Four years into their electrifying careers, BLACKPINK have become a force that has taken the world by storm.

In fact, they’ve gone so big internationally that Netflix decided to make a documentary focused around members Jennie, Lisa, Rosé and Jisoo and their rise to superstardom.

But “BLACKPINK: Light Up The Sky” isn’t just about a successful K-pop girl group’s gold and glitter. In a press conference held prior to the documentary’s release, director Caroline Suh said her goal was to “humanize” BLACKPINK.

The docu starts with BLACKPINK’s pre-debut introduction. We need the K-pop dictionary for this one: a K-pop debut is when a trainee or a group of trainees are unveiled as an idol or an idol group with a record release. BLACKPINK’s debut was basically when Lalisa Manoban became Lisa, Jennie Kim became Jennie, Park Chae-young became Rosé and Kim Jisoo became Jisoo.

There’s a heap of behind-the-scenes footage, including demo recordings, pre-debut performances and childhood videos which accompany each member’s introduction in the docu. The members, who hail from Thailand, New Zealand, Australia and Korea, talked about the tough decision they had to make before signing up as trainees. Suh’s emphasis on individuality in the film made it hit home.

Among the extremes K-pop idol wannabes have to go through is the rigorous, strict and exploitative trainee system. Rosé revealed she had to drop out of school to fly back to Korea, away from her family in Australia, to train under YG Entertainment. In another shape or form, the same sacrifices were made by the other three members. But the struggle didn’t end there. Jennie said she had to withstand six years of being told she wasn’t good enough. Rose talked about being homesick on multiple occasions. Lisa and Jisoo had to live up to the pressure. The girls trained 14 hours a day and had to cope with having co-trainees ejected as if they were living in a real-life Survivor series.

Despite these, Jennie trained for six years, Lisa and Jisoo trained for five and Rosé trained for four. Each member talked about the demerits of the path toward global fame in the film. Jennie lamented about not experiencing high-school life. “A lot of people make lots of memories as a high school student,” she said. “But I never had that.” Rosé bared suffering from anxiety of being not good enough to write her own music despite the group’s success. These moments provided a deeper look into the life of the world-famous K-pop idols. While a case study can be made on entertainment companies commercializing teenagers’ talents at such young ages, the rough road to stardom goes through there.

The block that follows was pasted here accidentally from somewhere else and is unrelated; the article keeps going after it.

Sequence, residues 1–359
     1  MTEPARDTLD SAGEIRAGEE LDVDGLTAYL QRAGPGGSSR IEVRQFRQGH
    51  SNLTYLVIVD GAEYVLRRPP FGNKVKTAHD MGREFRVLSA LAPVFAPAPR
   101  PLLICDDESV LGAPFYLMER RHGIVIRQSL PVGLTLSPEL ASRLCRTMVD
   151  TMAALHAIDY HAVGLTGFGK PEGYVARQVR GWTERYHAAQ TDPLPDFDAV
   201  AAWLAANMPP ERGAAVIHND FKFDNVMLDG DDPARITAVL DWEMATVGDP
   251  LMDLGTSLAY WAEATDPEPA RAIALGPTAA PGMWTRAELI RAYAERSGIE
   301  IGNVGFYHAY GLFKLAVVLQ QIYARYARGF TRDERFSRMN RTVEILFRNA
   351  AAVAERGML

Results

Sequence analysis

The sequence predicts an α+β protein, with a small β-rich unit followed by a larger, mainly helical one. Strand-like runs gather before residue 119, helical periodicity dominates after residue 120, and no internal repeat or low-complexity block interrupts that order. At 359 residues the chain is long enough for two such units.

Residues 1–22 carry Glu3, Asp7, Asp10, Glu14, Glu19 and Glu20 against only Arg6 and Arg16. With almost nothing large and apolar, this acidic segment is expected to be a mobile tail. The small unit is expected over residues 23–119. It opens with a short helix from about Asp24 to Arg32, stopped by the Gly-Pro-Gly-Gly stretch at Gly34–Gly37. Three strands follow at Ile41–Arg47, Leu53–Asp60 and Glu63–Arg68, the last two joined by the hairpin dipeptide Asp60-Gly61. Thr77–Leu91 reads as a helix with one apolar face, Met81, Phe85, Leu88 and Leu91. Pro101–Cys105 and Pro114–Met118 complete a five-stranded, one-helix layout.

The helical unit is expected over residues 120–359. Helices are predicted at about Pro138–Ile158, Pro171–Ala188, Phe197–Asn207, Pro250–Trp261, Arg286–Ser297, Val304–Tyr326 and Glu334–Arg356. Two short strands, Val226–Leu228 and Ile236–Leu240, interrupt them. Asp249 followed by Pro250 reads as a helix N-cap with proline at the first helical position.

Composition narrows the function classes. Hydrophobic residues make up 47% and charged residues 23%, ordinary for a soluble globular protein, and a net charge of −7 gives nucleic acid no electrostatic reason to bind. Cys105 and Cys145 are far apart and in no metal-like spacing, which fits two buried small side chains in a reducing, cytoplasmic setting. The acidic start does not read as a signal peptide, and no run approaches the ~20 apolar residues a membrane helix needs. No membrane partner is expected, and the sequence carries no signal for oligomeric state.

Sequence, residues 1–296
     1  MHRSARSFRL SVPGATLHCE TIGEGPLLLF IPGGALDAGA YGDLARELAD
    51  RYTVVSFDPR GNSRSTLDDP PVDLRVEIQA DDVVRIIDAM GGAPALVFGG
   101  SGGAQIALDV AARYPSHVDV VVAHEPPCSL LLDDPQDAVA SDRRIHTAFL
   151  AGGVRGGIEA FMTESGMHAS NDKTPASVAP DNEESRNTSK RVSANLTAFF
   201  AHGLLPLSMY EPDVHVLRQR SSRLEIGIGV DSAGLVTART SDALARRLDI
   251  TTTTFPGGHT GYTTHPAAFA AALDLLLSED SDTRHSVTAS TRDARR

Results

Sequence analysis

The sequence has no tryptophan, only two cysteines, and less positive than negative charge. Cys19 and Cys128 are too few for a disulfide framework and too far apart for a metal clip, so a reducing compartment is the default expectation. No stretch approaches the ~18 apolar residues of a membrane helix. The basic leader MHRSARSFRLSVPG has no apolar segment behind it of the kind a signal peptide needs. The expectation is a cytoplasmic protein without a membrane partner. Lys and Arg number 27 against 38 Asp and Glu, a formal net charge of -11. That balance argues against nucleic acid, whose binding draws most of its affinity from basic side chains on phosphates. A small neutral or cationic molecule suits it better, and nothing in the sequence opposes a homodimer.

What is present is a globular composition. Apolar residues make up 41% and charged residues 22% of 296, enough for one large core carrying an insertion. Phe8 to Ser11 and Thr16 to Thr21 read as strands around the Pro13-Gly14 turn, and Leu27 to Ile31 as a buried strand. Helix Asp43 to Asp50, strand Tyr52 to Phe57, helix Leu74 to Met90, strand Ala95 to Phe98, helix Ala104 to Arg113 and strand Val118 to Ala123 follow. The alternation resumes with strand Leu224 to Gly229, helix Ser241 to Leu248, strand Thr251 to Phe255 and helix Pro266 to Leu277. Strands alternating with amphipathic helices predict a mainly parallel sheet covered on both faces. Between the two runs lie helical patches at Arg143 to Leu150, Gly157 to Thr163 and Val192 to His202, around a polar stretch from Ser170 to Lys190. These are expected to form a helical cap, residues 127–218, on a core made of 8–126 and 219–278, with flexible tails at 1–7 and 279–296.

Atrocious challenges like these shown in the film reveal the tough lives of the global superstars and proved BLACKPINK didn’t only rise to fame because YG Entertainment crowned them as 2NE1’s successors. Instead, they demonstrated how each member had to work tails off to reach the heights they’ve reached. The industry is brutal, commercialistic and fast-paced but the docu brought an honest perspective and meaning to K-pop.

Four years into their debut, BLACKPINK have etched themselves in history with three music videos with one billion views on YouTube, a headlining performance at Coachella and multiple Guinness World Records.

“Every group has its own cultural background that makes them who they are but this combination… it’s what makes Blackpink unique,” YG hitmaker Teddy Park says.

This October, BLACKPINK released “THE ALBUM,” the group’s full-length debut album. The album catapulted BLACKPINK to become the first female K-pop group to lead the Billboard Artist 100 chart.

The members admitted being overwhelmed by fame at times. “The thing is, you can never tell how long this will last,” Rosé said, talking about superstardom’s potentially fleeting nature. Then again, nothing is permanent. For now, BLACKPINK is in your area, and they’re here to stay. John Ezekiel J. Hirro

Watch the documentary here.